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Things Fall Apart (1958)

by Chinua Achebe

Other authors: See the other authors section.

Series: African Trilogy (1)

MembersReviewsPopularityAverage ratingConversations / Mentions
18,692402209 (3.76)5 / 1001
[This book is] a simple story of a "strong man" whose life is dominated by fear and anger ... Uniquely ... African, at the same time it reveals [the author's] ... awareness of the human qualities common to men of all times and places.-Back cover.
  1. 205
    The Poisonwood Bible by Barbara Kingsolver (jlelliott, bbudke)
    jlelliott: Each tells the story of Christian missionaries in Africa, one from the perspective of the missionaries, one from the perspective of the local people targeted for "salvation".
  2. 140
    Half of a Yellow Sun by Chimamanda Ngozi Adichie (mrstreme)
  3. 195
    Heart of Darkness by Joseph Conrad (SanctiSpiritus)
  4. 41
    Season of Migration to the North by Tayeb Salih (Rubbah)
  5. 41
    Cry, the Beloved Country by Alan Paton (Osbaldistone)
  6. 42
    The Good Earth by Pearl S. Buck (Ellen_Elizabeth)
    Ellen_Elizabeth: Another classic, historical fiction novel that explores traditional culture through the story and of one man and his family. Both were written in English and illustrate the author's perceived strengths and weaknesses of the subject culture in a way that is accessible to western readers.… (more)
  7. 21
    The Lion and the Jewel by Wole Soyinka (libron)
    libron: Similar themes
  8. 10
    The Palm-Wine Drinkard and his Dead Palm-Wine Tapster in the Deads' Town by Amos Tutuola (Cecrow)
  9. 11
    Living Memories: Kenya's Untold Stories by Al Kags (WorldreaderBCN)
  10. 00
    Death and the King's Horseman by Wole Soyinka (hazzabamboo)
  11. 01
    The Ghost of Sani Abacha by Chuma Nwokolo (WorldreaderBCN)
  12. 03
    In the Kingdom of Ice: The Grand and Terrible Polar Voyage of the USS Jeannette by Hampton Sides (GaryBigfoot)
  13. 16
    The Martian Chronicles by Ray Bradbury (andomck)
    andomck: Both books are about colonization. One is from the perspective of colonizer, the other the colonized.
  14. 012
    Death of a Salesman by Arthur Miller (TuesdayNovember)
    TuesdayNovember: Both follow the fall of a callous man - one great, one not quite so.
1950s (4)
Africa (2)
Read (33)
To Read (340)
My TBR (2)

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English (381)  Spanish (5)  Swedish (3)  Italian (3)  French (2)  Dutch (1)  German (1)  Catalan (1)  Norwegian (1)  Finnish (1)  Danish (1)  All languages (400)
Showing 1-5 of 381 (next | show all)
This was an incredibly thought-provoking, straightforward, striking book to read, particularly as an MK emerging into adulthood. The final sentences are particularly powerful. As Achebe said, "writers don't give prescriptions. They give headaches!" This book is surely a prime example of that; the headache it's given me is still here and seems like it will be for a while. ( )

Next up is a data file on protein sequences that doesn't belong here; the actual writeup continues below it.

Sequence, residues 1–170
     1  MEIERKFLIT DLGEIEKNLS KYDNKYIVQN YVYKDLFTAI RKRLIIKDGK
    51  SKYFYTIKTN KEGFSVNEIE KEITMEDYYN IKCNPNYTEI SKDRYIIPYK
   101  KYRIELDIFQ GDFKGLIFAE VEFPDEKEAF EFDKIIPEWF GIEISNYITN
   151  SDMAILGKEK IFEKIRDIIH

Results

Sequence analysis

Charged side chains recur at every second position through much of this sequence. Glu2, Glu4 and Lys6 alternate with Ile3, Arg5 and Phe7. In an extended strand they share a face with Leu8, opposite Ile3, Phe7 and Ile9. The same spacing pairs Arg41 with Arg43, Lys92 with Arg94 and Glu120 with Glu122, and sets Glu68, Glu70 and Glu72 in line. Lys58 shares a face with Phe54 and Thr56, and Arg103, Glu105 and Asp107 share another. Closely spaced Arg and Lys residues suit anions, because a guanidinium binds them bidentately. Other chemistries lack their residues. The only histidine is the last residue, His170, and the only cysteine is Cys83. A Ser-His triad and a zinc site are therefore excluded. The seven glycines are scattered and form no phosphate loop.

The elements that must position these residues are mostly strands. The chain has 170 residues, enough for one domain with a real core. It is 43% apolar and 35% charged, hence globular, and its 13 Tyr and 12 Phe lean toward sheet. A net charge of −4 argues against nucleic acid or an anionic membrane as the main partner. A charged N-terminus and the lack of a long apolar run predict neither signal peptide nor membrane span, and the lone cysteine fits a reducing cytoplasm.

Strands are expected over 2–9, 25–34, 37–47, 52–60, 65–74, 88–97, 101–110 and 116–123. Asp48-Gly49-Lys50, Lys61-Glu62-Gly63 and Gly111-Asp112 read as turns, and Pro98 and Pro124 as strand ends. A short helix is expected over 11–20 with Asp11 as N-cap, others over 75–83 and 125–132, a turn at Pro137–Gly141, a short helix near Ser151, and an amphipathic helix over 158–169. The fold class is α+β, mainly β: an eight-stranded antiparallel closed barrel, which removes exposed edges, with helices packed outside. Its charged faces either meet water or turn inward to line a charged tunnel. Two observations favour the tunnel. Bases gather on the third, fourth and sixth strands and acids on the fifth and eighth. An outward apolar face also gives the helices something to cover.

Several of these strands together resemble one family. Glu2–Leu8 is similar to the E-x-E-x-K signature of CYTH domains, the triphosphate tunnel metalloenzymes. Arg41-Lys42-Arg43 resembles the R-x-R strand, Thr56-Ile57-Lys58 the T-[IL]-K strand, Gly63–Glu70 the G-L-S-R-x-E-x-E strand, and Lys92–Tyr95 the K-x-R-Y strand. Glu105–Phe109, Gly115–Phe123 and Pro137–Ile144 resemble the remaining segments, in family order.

graceandbenji | Sep 1, 2022 |
Banned in Nigeria and Malaysia for negative portrayal of colonialism.
  LMariaHG | Jul 17, 2022 |
It was a little slow in the beginning, all about Okonkwo and how stubborn he was. Near the end, though, it got interesting. The story focused less on Oknonkwo and more on the society as a whole. Some Christian missionaries come to the village and set up a ministry; Oknonkwo is militantly opposed. It was very interesting to me because it showed a mission in Africa from the perspective of the natives, something I had never seen before. Okonkwo is a very interesting character, and it would be fun to psychoanalyze him as you read the novel. ( )
  Michael_J | Jun 2, 2022 |
I read majority of this book in one long stretch, but had to put it down thrice — all three very defining moments for our protagonist Okonkwo — all three involving a kind of violence that the greatest warrior of Umuofia, the man so used to beheadings and wars, was yet unacquainted with. The single greatest achievement of the writing is that it hides nothing, and yet I felt compelled to weep with the downfall of Okonkwo and his chi. There aren't any surprises in the story itself, every character's arc is throughly consistent with what you'd expect in a tragedy. The narration is superior and fresh for me, predominantly because this book is my (shamefully late) introduction to African colonial narratives. Even though English probably would not do justice to the poetic and proverbial languages which are referred to in the book, the author has definitely managed to bring it out in the text. ( )
  Toshi_P | May 6, 2022 |